image Church History Links

Church-History

Deësis Mosaic from the Hagia Sofia in Istanbul

Ancient and Medieval Church History Timeline Timelines and links on Church History

Catholic Encyclopedia Comprehensive information is provided on Popes, Jesus, Mother Teresa, Saints, Easter, Christmas and the Bible, to name a number of topics. This is a great site to have students research various topics from, or to find information for yourself. Those of you who are doing Web pages at your schools for parents, might like to post this site for them to take a look at. — Anne D’Andrea

Christian Classics Ethereal Library The mission of the CCEL is to build up the church by making classic Christian writings available and promoting their use.

Christianitytoday.com This site explores the first 2000 years of the Christian Church and Christian history. This site is a helpful resource for teachers, especially those teaching World Religions because it offers clear and organized facts. Furthermore, it can be useful for teachers because it includes recent articles from Christianity Today magazine examining everything from the early Church, the American experience, movements and traditions, heroes and leaders, and world Christianity. The site also includes a section titled ‘Behind the News’, which includes news, reviews, profiles, Christian holidays and readers’ responses. Viewers can also ask the editor any questions they are thinking about regarding Christianity. There are links which vary from a list of the 131 Christians, what happened this week in Christian history, and a store to purchase past issues, biographies and videos.–Angela Sambolec

Christianity and Women This site contains articles and resources that deal with issues of women in Christianity.  Topics in this site include Early Christianity and Women, the Bible and Women’s History, Feminist Theology and Spirituality, and the Ordination of Women. A good site that has information on past accomplishments of women and articles on current issues. — WayneCave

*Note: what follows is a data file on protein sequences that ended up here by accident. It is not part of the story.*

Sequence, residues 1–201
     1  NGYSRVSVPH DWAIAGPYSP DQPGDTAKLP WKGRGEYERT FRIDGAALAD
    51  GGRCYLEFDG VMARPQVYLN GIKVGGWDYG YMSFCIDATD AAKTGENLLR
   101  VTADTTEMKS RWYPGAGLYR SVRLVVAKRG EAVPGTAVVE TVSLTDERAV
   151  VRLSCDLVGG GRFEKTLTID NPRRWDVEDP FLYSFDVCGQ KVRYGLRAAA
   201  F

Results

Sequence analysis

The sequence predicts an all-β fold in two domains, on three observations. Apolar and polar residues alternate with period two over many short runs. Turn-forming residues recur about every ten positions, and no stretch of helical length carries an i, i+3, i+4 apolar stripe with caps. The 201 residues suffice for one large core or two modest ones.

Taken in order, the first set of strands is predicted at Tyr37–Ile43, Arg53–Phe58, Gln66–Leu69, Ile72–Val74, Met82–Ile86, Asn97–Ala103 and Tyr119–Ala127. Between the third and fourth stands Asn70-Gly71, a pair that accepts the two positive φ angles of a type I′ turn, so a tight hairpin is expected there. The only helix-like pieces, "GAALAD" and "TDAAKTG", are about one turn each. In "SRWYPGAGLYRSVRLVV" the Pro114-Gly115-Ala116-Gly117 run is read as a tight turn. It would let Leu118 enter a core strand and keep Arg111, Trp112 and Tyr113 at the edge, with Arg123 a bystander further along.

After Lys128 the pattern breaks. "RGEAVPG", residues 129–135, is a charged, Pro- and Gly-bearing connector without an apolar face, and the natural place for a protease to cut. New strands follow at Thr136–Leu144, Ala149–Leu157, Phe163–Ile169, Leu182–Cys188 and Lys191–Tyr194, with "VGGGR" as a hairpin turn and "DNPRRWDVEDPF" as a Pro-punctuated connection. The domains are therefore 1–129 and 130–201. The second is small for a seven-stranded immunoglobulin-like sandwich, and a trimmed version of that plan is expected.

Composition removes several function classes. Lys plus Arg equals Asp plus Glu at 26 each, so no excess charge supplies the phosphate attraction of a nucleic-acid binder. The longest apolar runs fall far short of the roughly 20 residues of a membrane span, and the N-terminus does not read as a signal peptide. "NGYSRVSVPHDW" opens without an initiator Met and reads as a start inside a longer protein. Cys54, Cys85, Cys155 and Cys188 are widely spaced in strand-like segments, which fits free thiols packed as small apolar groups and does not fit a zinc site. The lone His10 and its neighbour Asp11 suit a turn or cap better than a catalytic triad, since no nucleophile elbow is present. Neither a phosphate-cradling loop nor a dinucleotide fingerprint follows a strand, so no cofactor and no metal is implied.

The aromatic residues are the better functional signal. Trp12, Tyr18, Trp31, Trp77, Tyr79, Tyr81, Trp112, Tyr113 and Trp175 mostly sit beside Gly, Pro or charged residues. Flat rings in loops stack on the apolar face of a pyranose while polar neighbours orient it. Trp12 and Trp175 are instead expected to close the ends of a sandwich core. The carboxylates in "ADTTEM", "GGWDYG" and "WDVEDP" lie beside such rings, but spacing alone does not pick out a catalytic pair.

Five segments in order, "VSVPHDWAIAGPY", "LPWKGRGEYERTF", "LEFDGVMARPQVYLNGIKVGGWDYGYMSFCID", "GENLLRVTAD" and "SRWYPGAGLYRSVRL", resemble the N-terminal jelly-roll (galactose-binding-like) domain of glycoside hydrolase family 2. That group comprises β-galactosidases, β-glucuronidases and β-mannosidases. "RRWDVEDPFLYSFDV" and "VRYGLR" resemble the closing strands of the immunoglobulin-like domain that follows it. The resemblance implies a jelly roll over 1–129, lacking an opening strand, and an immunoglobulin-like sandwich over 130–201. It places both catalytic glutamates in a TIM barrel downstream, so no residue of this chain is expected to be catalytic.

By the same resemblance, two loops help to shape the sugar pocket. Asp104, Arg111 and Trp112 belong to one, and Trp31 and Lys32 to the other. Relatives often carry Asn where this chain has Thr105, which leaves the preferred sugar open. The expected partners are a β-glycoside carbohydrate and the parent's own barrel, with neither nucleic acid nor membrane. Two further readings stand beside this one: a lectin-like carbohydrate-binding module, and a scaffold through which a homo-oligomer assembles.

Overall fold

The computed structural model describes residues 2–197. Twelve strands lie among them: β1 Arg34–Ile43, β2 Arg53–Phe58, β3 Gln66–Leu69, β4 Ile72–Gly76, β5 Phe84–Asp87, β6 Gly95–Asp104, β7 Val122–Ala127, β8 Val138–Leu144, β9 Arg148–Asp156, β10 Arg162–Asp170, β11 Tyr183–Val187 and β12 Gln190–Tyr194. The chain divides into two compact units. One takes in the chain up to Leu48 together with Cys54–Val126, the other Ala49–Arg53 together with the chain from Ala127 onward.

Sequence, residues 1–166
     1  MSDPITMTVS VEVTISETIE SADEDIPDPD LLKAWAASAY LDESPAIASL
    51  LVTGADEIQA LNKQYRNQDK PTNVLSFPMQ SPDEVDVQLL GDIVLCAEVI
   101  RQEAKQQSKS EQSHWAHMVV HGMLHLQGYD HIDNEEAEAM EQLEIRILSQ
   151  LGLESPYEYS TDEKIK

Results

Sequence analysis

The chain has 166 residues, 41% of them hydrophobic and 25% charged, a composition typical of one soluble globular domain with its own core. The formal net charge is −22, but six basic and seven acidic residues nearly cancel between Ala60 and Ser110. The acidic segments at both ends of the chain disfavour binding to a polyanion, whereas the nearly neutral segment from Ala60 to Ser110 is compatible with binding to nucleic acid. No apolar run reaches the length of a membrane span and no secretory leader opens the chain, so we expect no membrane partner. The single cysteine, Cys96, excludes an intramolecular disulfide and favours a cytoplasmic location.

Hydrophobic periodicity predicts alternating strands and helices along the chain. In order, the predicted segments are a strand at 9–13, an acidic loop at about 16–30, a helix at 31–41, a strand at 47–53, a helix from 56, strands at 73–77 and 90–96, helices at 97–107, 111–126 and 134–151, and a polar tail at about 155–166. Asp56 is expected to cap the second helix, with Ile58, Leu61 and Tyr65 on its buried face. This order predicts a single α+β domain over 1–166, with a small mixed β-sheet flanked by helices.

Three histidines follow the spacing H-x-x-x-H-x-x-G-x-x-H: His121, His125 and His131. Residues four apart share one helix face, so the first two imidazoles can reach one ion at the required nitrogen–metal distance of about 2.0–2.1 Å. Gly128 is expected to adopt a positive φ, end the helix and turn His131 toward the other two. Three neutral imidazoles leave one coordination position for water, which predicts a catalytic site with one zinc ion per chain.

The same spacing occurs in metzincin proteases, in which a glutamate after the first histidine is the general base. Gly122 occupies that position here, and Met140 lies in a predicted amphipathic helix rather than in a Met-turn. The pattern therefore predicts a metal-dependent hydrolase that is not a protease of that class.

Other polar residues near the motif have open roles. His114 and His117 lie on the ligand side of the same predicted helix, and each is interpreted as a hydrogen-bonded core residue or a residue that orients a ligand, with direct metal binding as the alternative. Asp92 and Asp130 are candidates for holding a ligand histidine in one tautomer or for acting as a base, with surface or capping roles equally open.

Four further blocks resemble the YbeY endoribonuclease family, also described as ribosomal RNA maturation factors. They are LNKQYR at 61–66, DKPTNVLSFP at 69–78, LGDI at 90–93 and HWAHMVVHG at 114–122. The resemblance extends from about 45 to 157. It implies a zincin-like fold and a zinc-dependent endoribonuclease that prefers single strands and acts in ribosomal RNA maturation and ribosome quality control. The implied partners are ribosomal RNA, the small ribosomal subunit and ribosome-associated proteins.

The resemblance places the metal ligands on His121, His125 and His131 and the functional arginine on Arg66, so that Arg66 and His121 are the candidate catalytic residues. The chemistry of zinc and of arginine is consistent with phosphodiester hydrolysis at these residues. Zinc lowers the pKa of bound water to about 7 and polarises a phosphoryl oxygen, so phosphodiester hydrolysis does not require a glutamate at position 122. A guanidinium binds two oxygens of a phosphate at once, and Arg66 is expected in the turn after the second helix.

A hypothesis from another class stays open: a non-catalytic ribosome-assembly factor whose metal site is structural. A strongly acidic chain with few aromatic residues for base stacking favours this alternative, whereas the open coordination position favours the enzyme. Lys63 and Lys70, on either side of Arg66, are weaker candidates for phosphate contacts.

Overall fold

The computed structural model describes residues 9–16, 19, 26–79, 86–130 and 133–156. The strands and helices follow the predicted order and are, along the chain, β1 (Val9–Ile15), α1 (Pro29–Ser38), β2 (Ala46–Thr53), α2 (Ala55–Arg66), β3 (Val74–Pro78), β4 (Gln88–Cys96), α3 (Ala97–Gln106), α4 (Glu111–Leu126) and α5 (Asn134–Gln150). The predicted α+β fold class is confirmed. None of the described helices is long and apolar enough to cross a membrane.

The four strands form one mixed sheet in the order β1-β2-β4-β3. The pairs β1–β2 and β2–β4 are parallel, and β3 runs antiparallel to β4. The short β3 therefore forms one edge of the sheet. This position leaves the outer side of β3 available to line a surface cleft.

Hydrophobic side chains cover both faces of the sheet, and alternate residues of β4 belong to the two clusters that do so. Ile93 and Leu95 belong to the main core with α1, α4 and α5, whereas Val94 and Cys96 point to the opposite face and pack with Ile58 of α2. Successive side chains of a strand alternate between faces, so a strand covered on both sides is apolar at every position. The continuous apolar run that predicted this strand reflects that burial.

Church History and Historical Theology
An index of primary and secondary sources to be used in the study of Church history.

Church History Institute This Protestant site is from the group that produces Church History magazine. An attractive and informative site. See particularly https://www.christianhistoryinstitute.org/study/  Anyone interested in knowing anything about Christian history can find a wealth of information here. There is a great list of important dates. This website is definitely worth your visit. — David Singh

The Ecole Initiative 5 main sections of the Web Encyclopaedia: documents, articles, glossary, images, and chronology
* Documents – Early Church Documents including Church councils, Historians of the Church, and Lives of Saints
* Articles – A plethora of information on key issues and people
* Glossary – Concise information relating to Early Church History
* Images – Links to numerous images on the web
* Chronology – An easy to use database directory to build a chronology of an individual
This site would be a wonderful tool to use in the classroom for research projects and assignments. It would also be useful on a personal and spiritual level to have a better understanding of the Early Church History. — L. Koenigsberger

Frontline: From Jesus to Christ: The First Christians This site is a resource to use with the PBS television show ” From Jesus to Christ: The First Christians.” It is four one-hour shows covering the following topics: how Judaism and the Roman Empire shaped Jesus’ life; the period after the crucifixion but before anything was actually called Christianity; the first attempts to write the Gospels; and, how the early church developed from 100 to 300 C.E. This is the most student friendly site that I came across. You don’t need the video to benefit from this site. Best for high school students, probably 11 to OAC. –Chris Dunlop